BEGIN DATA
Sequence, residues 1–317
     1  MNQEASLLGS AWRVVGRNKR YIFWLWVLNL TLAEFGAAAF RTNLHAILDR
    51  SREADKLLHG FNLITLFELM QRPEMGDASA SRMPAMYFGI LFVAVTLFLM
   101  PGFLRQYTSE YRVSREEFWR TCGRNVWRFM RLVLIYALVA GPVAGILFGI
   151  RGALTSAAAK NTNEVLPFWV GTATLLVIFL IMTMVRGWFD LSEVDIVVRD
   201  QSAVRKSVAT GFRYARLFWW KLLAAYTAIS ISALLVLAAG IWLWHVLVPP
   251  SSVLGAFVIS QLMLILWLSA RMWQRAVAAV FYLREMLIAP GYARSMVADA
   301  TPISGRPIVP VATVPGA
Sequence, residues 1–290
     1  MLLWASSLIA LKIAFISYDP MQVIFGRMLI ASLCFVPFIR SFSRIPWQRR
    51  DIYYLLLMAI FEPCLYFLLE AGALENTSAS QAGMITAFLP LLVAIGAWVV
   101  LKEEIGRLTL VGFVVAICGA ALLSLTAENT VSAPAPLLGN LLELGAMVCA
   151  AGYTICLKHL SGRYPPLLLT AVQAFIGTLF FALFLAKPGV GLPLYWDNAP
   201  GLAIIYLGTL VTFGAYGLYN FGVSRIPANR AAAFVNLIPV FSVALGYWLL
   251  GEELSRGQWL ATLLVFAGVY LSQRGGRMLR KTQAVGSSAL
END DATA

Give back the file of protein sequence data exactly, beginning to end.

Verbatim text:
Sequence, residues 1–317
     1  MNQEASLLGS AWRVVGRNKR YIFWLWVLNL TLAEFGAAAF RTNLHAILDR
    51  SREADKLLHG FNLITLFELM QRPEMGDASA SRMPAMYFGI LFVAVTLFLM
   101  PGFLRQYTSE YRVSREEFWR TCGRNVWRFM RLVLIYALVA GPVAGILFGI
   151  RGALTSAAAK NTNEVLPFWV GTATLLVIFL IMTMVRGWFD LSEVDIVVRD
   201  QSAVRKSVAT GFRYARLFWW KLLAAYTAIS ISALLVLAAG IWLWHVLVPP
   251  SSVLGAFVIS QLMLILWLSA RMWQRAVAAV FYLREMLIAP GYARSMVADA
   301  TPISGRPIVP VATVPGA
Sequence, residues 1–290
     1  MLLWASSLIA LKIAFISYDP MQVIFGRMLI ASLCFVPFIR SFSRIPWQRR
    51  DIYYLLLMAI FEPCLYFLLE AGALENTSAS QAGMITAFLP LLVAIGAWVV
   101  LKEEIGRLTL VGFVVAICGA ALLSLTAENT VSAPAPLLGN LLELGAMVCA
   151  AGYTICLKHL SGRYPPLLLT AVQAFIGTLF FALFLAKPGV GLPLYWDNAP
   201  GLAIIYLGTL VTFGAYGLYN FGVSRIPANR AAAFVNLIPV FSVALGYWLL
   251  GEELSRGQWL ATLLVFAGVY LSQRGGRMLR KTQAVGSSAL